Edmund, son of the late Colonel L'Estrange, of Moystown, King's county, to Henrietta, daughter of T. Lumley Savile, Esq., of Tickhill Castle.

At the British Embassy, Brussels, Col. Wm. Lyster, to Lady Sophia Jane Lateward Croft, widow of the late Sir Thomas Emsley Croft, Bart.

At Dungarvon, Ireland, Thos. Carew Hunt, Esq., his Majesty's Consul at Archangel, to Dorothea, daughter of the late Sir John Nugent Humble, of Cloncoskoran House, in the county of Waterford, and sister of the present Baronet.

Died.]-At Wentworth House, Lord Viscount

Milton, eldest son of the Right Hon. Earl Fitzwilliam, in his 24th year.

At Hayle Cottage, near Maidstone, Theophilus Jones, Esq., Admiral of the White, in his 78th year.

In Hanover-street, St. George's, Lieut. the Hon. John Forbes, of the 79th Regt., son of Gen. Lord Forbes.

At his house, in Welbeck-street, Sir David Barry, in his 56th year.

At Edinburgh, George Robertson Scott, Esq., of Benholm.

At his seat, Brockhurst Lodge, near Alverstone, Jamaica, the Hon. Thos. Legal Yates. At Paris, Florine O'Bryen, wife of George Huntly Gordon, Esq., in her 21st year, three weeks after her marriage.

In his 79th year, J. Dyson, Esq., late Clerk of the House of Commons.

At Great Yarmouth, in his 84th year, the Rev. Richard Turner, B.D.

At Brompton, after a short illness, Lady Gibbons, the wife of Sir John Gibbons, Bart., of Stanwell Park, Middlesex.

The widow of Admiral Sir John Knight, K.C.B.

Aged 80, Capt. Henry Barwell, R.N. In Cheshire, the Lord Grey, of Groby. At Holmwood, county Oxford, the Countess of Antrim, wife of Lord Mark Kerr.

At Dover, aged 80, the Earl of Charleville, one of the Irish Representative Peers.

At Eaton-place, Captain the Hon. Sir Henry Duncan.

At Badminton, aged 69, the Duke of Beaufort, K.G.

On Sunday, Nov. 15, Emma Mary, the wife of Mr. Mackinnon, M.P., at the age of 44. This lady was the only daughter and sole heiress of the late Jos. B. Palmer, Esq., of Rush House, Dublin. She was born in 1792, and has left several children. At the time of her marriage, Mrs. M. was considered not only one of the greatest heiresses, but one of the handsomest women, in England.




Consumption of Food in the Metropolis. Of the quantity of cattle sold in Smithfield market we have the most accurate returns, and find that, during the last twelve months, the numbers were150,000 beasts, 21,000 calves, 1,500,000 sheep, and 20,000 pigs. This does not, however, by any means form the total consumed in London, as large quantities of meat in carcases, particularly pork, are daily brought from the counties round the metropolis. The total value of the cattle sold in Smithfield annually is calculated at 8,500,000l. It is supposed that a million a year is expended in fruits and vegetables.-The consump tion of wheat amounts to a million of quarters annually: of this four-fifths are supposed to be made into bread; being a consumption of 64,000,000 of quartern-loaves every year in the metropolis alone. The annual consumption of butter in London amounts to about 11,000, and that of cheese to 13,000, tons. The money paid annually for milk is supposed to amount to 1,250,000/. -The quantity of poultry annually consumed in London is supposed to cost between 70,000. and 80,0007.;-that of game depends upon the plentifulness of the season. There is nothing, however, more surprising, than the sale of rabbits. One salesman in Leadenhall-market, during a considerable portion of the year, is said to have sold 14,000 rabbits weekly.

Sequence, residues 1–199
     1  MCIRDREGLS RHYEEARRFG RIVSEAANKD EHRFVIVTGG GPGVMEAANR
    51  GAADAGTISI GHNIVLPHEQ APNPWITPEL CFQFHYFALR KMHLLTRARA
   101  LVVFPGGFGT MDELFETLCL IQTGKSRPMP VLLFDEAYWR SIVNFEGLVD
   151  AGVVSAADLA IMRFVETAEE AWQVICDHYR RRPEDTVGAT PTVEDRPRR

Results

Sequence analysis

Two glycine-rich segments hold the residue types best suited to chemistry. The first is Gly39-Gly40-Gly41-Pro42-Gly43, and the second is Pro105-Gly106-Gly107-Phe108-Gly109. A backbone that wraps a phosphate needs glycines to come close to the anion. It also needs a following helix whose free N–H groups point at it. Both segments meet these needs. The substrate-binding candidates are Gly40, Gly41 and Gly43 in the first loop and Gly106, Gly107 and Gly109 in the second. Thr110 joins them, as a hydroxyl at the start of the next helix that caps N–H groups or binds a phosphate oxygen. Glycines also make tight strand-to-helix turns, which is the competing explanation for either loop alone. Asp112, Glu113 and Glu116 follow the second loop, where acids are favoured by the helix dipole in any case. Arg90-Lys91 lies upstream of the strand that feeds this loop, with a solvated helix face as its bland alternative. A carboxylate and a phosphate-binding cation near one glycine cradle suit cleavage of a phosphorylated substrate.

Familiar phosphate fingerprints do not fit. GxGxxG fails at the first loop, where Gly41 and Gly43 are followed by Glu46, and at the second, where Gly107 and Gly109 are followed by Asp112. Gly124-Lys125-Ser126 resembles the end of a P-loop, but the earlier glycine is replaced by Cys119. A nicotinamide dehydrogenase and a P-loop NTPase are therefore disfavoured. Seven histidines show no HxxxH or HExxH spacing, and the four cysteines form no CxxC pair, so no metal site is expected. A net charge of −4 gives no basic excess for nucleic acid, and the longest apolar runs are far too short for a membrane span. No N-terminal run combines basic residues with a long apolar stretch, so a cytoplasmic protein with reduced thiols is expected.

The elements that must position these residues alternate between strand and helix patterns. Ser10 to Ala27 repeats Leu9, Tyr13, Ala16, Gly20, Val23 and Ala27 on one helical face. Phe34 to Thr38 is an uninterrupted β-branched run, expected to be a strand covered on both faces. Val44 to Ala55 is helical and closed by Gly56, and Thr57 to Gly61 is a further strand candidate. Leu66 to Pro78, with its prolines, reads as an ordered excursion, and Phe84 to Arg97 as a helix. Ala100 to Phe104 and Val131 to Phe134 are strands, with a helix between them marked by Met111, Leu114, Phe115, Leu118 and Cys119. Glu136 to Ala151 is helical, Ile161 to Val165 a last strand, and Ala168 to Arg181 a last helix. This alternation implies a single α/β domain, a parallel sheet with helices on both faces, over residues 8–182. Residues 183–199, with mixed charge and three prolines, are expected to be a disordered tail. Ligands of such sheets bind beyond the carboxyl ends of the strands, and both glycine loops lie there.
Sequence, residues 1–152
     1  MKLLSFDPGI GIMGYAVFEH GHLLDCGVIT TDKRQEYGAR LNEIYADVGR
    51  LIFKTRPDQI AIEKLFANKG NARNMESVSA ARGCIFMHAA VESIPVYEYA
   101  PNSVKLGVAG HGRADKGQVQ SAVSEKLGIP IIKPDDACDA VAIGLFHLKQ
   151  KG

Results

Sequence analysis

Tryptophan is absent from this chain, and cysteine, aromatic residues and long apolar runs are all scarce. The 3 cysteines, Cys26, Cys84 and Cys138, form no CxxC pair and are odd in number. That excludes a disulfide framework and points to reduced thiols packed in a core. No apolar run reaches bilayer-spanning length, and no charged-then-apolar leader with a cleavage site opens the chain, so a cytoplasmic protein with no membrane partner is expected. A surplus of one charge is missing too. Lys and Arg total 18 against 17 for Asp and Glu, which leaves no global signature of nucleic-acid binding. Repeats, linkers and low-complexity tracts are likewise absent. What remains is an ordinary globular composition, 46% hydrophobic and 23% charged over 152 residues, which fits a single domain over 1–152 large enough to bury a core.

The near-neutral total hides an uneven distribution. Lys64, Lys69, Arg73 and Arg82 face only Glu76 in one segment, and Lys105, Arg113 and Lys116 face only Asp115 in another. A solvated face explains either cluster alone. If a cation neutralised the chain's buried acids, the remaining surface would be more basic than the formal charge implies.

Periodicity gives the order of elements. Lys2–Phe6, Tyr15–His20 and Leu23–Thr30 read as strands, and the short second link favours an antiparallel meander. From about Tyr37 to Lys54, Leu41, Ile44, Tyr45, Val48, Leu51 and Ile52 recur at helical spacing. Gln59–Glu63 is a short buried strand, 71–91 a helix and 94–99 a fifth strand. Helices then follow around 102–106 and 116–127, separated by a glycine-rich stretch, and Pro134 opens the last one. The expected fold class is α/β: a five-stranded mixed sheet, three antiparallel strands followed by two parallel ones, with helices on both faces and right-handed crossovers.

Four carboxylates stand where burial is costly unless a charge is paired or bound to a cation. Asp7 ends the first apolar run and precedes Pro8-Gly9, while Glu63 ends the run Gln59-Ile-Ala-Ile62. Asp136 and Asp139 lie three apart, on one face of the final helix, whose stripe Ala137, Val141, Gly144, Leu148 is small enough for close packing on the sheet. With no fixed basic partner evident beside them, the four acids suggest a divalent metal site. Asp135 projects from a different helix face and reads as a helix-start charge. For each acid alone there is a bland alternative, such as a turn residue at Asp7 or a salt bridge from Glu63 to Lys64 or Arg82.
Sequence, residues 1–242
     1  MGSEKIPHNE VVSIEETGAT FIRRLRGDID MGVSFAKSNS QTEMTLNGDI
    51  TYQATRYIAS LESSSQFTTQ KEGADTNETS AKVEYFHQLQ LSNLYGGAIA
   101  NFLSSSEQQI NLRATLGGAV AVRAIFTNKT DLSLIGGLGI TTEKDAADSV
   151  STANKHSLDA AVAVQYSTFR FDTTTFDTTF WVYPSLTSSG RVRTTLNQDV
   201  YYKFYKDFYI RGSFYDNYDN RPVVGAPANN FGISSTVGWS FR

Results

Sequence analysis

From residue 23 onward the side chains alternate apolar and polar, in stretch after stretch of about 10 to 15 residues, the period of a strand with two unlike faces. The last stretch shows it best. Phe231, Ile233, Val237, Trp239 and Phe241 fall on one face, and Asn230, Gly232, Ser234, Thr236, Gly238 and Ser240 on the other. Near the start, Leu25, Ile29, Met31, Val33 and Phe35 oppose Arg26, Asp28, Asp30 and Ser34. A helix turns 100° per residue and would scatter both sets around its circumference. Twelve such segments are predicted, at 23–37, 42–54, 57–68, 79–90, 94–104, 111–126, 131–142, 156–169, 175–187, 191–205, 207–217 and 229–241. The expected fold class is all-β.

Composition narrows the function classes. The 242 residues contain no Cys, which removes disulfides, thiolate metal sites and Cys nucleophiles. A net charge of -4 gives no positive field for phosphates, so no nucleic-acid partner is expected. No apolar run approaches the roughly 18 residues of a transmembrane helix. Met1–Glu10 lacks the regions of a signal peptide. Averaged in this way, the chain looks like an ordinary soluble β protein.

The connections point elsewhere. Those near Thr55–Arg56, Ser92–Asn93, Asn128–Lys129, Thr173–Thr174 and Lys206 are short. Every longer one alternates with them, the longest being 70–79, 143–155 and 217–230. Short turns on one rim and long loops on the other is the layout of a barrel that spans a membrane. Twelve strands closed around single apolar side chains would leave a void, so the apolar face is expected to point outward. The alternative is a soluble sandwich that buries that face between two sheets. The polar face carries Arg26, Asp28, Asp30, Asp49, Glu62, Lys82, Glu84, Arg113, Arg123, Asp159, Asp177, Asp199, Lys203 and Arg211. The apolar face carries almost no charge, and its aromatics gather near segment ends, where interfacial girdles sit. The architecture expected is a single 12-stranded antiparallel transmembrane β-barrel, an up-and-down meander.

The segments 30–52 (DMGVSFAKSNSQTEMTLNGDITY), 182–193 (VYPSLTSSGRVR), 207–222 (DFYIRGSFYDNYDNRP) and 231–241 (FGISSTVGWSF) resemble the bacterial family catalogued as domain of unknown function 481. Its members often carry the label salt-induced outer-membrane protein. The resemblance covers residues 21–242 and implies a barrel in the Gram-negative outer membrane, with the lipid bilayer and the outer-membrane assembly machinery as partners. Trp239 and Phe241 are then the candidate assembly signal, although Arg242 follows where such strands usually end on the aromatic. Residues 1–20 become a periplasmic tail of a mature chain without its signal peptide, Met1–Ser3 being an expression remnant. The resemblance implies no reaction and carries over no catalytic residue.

Amongst the many projects which at present lay claim to public attention is the proposal to construct a suspension foot-bridge across the Thames, from either Buckingham-street or Hungerford-market, in the Strand, to the Belvidere road, Pedlar's-acre, Lambeth.

Post-Office.-By an alteration carried into operation by the Duke of Richmond, late Postmaster-General, it is generally known that the halfpence collected for newspapers put into the post-office after 6 P.M., and the amount of which was a perquisite to two of the inspectors, are now applied to the post-office revenues. To the curious it may be a little interesting to learn the probable amount so collected. The return gives--for Tuesday, Oct. 27, 1796 papers; amount received, 37. 14s. 10d.` Saturday, Oct. 31,

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Newly-discovered Copper Mines. There has lately been discovered, on the property of Lord Dinorben, in the parish of Llanwenllwofo, Anglesey, and in the immediate neighbourhood of the Parys and Mona mines, a very rich vein of copper. It is in many parts almost in a pure state, and much purer than even the copper coinage of 1799; consequently, a question will arise for the consideration of geologists and others who feel pleasure in investigating these matters, whether the secondary stratum in which it is found must not, at some remote period, have been acted upon by great and powerful heat, so as to dislodge the ore from the stone, and run it in a state of fusion into the form in which it is now found. This discovery is very seasonable, as the Parys and Mona mines, which have so long been a source of immense wealth to their proprietors, and of profitable employment to many hundreds of poor families, were become nearly exhausted, at least so far as they had been explored. Mining Journal.


Steam-Engine Machinery.-The parliamentary trustees on the river Clyde have offered a premium of 100 guineas for the best practical mode of preventing accidents from the imperfect construction of steam-engine machinery. Another 100%. is to be divided amongst

the unsuccessful candidates who invent something worthy of attention.—Mining Journal.